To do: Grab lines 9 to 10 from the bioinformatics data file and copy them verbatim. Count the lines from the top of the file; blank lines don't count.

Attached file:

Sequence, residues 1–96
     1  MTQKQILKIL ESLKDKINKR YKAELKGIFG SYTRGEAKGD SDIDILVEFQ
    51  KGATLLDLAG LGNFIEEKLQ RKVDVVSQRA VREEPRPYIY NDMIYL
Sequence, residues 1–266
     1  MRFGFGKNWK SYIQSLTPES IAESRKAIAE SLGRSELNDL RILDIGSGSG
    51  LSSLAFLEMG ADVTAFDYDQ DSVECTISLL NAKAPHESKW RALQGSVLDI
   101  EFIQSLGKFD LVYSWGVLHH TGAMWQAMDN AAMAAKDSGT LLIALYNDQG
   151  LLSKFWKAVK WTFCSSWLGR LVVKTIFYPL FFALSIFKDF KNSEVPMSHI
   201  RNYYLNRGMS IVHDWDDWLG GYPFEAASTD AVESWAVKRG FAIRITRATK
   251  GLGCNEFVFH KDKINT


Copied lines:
   201  RNYYLNRGMS IVHDWDDWLG GYPFEAASTD AVESWAVKRG FAIRITRATK
   251  GLGCNEFVFH KDKINT